Walt Whitman once said “the habit of giving only enhances the desire to give.” I have come to find that this is very true. I have also found that you do not have to just give money.
You can use your belongings, your family, your friends, your talents and your computer to help change the world. For real.
In her book, “How to be an Everyday Philanthropist,” Nicole Boles gives the reader an awesome framework of suggestions, and I am sharing a couple this week.
Using your talents and your time is something that we, as students, should take to heart.
There are tons of students who used to play instruments in high school or have a jam band here on campus. How easy is it to do a show and take donations for a cause?
I know a handful of people who have learned to knit from their grandmas. If you taught a circle of your pals to do basic knitting, you could knit helmet liners for U.S. Marines.
Or you can be ambitious with your group and make a blanket for Project Linus (projectlinus.org), which gives blankets to children who have been ill or have experienced trauma.
There are also opportunities locally, such as Columbus Reads. Ohio State is a partner in this group and you can spend an hour per week reading to kids, helping them with their language skills. All of us can do the work of a 7-year-old.
Maybe you are a hunter? You can donate what you hunt (h4hungry.org) to soup kitchens. Everyone who knows me knows my policy: meat not sweet.
To use your belongings means to give up your stuff. In 2007, the U.S. Census Bureau of Statistics reported that 37 million Americans live below the poverty line. That is 12.5 percent of citizens who do not have enough clothes, food and cannot provide the luxuries of gifts and books to their families.
Dress for Success donates your gently worn women’s clothes to help them interview and get a job. You could give all your old pairs of glasses to OneSight (onesight.org) and help people all over the world see better.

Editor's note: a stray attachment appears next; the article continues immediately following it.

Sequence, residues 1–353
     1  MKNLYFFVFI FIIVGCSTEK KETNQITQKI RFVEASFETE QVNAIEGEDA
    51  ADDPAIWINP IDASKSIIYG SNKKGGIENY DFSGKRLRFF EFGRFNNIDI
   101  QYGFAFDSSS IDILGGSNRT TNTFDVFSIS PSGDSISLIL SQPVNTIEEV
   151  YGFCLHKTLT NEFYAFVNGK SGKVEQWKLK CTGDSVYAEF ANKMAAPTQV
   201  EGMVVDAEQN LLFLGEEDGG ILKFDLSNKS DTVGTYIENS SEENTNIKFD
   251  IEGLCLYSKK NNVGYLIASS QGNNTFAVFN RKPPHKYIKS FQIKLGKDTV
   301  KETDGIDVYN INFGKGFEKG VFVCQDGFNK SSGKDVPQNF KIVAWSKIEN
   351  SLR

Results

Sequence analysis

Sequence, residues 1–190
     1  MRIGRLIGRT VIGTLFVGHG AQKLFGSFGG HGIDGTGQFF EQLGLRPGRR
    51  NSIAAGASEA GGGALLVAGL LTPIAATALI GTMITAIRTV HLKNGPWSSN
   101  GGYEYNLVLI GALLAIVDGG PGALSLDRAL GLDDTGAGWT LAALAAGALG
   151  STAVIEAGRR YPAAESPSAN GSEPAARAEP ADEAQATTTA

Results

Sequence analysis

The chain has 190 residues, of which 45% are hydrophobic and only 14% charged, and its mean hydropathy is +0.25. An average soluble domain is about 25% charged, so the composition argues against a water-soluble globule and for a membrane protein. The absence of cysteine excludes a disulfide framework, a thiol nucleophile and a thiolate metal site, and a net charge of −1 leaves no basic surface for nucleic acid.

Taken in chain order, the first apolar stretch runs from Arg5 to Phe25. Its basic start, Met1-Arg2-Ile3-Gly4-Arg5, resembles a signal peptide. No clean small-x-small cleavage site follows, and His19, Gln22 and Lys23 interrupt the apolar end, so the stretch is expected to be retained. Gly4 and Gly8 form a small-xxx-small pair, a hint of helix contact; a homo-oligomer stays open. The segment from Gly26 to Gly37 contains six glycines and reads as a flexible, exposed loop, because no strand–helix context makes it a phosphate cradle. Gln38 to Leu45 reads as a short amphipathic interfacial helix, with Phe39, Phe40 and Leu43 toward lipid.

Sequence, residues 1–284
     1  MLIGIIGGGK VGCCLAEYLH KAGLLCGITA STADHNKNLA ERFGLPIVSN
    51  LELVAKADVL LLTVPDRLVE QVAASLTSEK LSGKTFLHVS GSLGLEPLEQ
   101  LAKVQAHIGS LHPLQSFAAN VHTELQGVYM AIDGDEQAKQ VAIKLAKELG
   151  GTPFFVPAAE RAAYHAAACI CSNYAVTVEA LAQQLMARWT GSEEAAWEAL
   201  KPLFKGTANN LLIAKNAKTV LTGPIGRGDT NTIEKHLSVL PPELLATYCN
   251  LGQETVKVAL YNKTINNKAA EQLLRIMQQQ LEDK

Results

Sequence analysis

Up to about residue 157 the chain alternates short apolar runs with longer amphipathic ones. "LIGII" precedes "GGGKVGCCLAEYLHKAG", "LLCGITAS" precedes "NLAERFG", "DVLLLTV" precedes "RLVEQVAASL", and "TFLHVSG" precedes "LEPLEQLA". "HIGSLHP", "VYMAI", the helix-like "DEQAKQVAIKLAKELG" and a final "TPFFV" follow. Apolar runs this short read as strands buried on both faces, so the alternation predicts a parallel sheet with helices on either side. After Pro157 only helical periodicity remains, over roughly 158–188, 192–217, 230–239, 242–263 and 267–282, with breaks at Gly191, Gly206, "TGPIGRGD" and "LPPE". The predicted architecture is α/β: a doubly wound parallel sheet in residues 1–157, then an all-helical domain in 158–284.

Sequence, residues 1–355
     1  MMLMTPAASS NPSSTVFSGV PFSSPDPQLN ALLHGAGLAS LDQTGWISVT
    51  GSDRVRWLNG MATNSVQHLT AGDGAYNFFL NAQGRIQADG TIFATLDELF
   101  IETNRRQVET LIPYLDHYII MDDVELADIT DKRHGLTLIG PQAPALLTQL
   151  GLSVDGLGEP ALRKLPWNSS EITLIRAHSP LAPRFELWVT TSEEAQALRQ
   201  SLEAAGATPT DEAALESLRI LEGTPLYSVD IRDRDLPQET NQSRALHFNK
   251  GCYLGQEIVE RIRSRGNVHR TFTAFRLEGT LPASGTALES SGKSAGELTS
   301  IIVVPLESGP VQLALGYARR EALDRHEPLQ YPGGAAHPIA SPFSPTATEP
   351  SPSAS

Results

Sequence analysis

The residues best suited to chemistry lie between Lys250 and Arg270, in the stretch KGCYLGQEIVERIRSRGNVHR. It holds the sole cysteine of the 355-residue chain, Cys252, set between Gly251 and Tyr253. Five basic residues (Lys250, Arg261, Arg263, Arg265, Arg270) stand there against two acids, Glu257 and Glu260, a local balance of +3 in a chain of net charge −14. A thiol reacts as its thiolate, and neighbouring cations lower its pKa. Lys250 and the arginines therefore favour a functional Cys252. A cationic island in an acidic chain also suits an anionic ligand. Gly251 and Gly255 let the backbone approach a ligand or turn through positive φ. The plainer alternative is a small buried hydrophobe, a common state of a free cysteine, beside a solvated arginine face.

Books for Africa and Reader to Reader are ways to give your books abroad and to local libraries and schools that need books.
Inveneo is a great way to dispose of flash drives of 16 MB or more.
And those of you ready to get rid of your bikes at the end of the year can donate to Bikes of the World and send that transportation somewhere around the world to help a local community.
Giving is so easy. Sometimes it just takes some thought.
Of course, there are millions of things you can recycle and lots of websites to help you with that. Being at college, we should also be learning about ways to help engage the world and give in new innovative ways.
On April 15, there will be a free conference that you can sign up for called Alleviating Poverty Through Entrepreneurship. This means that the “bringing together of scholars, students, policymakers, and practitioners,” can provide a space for community to collaborate about poverty.
We can all do something to battle poverty, hunger and injustice. Buy some TOMS Shoes or participate in UNICEF OSU chapter’s water walk April 14. One dollar can give a 40-day supply of water to a child. In a time when a lack of water kills more children than war, there is no time to hesitate on the importance for us all to become philanthropists.